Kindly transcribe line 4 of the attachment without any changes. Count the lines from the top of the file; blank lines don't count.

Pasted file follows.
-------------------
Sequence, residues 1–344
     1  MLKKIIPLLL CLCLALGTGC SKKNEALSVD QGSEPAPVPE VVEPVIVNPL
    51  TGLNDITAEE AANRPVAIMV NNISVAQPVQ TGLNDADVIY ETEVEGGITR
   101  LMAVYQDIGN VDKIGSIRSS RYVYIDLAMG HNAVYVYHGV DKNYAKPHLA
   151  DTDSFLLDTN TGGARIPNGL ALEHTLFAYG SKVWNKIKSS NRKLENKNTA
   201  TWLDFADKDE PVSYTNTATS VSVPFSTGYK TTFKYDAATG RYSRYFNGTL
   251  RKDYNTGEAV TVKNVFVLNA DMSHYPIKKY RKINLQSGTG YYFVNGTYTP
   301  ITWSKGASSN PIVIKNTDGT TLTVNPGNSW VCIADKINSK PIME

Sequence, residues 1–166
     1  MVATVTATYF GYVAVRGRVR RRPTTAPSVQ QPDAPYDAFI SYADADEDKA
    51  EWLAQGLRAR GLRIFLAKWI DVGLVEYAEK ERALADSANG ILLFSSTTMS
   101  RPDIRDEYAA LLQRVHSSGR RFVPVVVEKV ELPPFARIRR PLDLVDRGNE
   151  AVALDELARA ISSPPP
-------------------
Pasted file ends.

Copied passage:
   101  LMAVYQDIGN VDKIGSIRSS RYVYIDLAMG HNAVYVYHGV DKNYAKPHLA